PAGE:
The FAR Council’s proposed rule also will have a 60-day public comment period.
Mickey Silberman, a lawyer with Jackson Lewis LLP in Denver, told Bloomberg BNA May 27 that it's “unusual” for the Labor Department to issue its guidance as a proposal with an invitation for public comments even though “procedurally they're not required to do so.” He noted that the executive order instructed the DOL to develop guidance, while it instructed the FAR Council to propose an amendment to the federal acquisition regulation.
“There's a lot of detail in the guidance but also a lack of clarity,” he said. Silberman questioned whether the three-year period would be retroactive to the time before the rule is issued. “That's going to be much more challenging [for employers] than if they can report this on a going-forward basis,” he said, because it could force them to reconstruct data.
Large employers generally have separate departments handling compliance with each type of law, so checking their compliance with 14 federal laws could involve a safety department, an affirmative action department, and several other departments, he said. “For employers, especially large employers, this will create a significant burden,” he said. “Employers have been dreading these regulations.”
Silberman also predicted the proposals will lead to litigation. “This regulation will authorize contracting agencies to deny contracts to otherwise qualified contractors based on their interpretation of these violations,” he said. “There is nothing in the guidance that apparently allows for due process wherein an employer can challenge a determination to deny a contract based on a record of violations.”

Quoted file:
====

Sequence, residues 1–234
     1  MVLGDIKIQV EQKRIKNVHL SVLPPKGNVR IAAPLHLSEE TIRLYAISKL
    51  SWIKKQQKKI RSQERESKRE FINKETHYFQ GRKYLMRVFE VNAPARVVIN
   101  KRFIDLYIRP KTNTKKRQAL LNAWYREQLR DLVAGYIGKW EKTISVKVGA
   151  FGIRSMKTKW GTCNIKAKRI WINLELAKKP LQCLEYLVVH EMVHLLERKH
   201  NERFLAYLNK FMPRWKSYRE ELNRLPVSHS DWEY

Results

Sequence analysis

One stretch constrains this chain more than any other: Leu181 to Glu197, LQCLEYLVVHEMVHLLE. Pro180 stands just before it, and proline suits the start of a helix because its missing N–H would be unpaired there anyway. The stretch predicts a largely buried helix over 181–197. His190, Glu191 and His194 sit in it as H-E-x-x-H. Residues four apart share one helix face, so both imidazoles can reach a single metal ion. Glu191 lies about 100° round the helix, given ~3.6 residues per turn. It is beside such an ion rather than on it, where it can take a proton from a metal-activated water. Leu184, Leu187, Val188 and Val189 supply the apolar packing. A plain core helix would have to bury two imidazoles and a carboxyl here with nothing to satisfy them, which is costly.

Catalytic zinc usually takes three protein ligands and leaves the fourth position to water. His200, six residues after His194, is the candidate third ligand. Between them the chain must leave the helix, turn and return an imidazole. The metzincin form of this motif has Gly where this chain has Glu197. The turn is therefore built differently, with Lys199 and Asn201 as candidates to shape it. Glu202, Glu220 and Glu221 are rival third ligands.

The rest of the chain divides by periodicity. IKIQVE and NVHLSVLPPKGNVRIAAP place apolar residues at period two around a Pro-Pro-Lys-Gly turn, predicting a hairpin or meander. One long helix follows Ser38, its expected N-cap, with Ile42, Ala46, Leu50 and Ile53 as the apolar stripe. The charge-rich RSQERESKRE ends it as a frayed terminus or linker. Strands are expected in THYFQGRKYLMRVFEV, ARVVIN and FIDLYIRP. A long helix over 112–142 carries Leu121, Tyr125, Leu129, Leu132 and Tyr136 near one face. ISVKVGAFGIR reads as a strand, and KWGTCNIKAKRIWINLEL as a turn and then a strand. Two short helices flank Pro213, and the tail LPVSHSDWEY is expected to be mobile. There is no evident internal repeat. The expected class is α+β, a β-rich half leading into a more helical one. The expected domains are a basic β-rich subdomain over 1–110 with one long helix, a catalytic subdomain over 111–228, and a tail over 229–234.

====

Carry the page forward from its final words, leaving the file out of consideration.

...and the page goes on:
Linda Jackson, who co-chairs Littler Mendelson's government contractors industry group, told Bloomberg BNA May 27, “I was a little surprised that they deferred defining what state laws would be at issue.” She said she also was surprised the FAR Council is “considering having the subcontractors report [violations] directly instead of having the prime [contractor] report directly.”
Jackson expressed concern that violations “that have not been through the full adjudicatory process” generally must be reported. She noted, however, that the DOL guidance excludes from the reporting requirement private settlements reached before entry of a judgment.
As for the apparent lack of an appeals process, Jackson said losing bidders are allowed to protest when they are not awarded a federal contract.
Some groups hailed the issuance of the proposals as a welcome increase in protections for a large group of workers.
“Today’s actions from the Labor Department and the FAR Council are good news for workers, taxpayers and the nation—and a major step forward in ensuring only companies that abide by our nation’s labor laws get federal contracts,” Debra L. Ness, president of the National Partnership for Women and Families, said.
“No worker should have her or his rights undermined, especially not at the hands of a company that contracts with the federal government,” Ness said in a May 27 statement. “More than one in five people in this country are employed by a federal contractor, which makes executive actions such as this one very significant.”
But Randy Johnson, senior vice president of labor, immigration, and employee benefits for the U.S. Chamber of Commerce, called the proposals “unnecessary because contracting officers already possess ample authority to prevent contractors who do not have adequate business integrity or ethics from receiving federal contracts and the Nation’s employment laws already impose a matrix of procedures and penalties that punish wrongdoers.”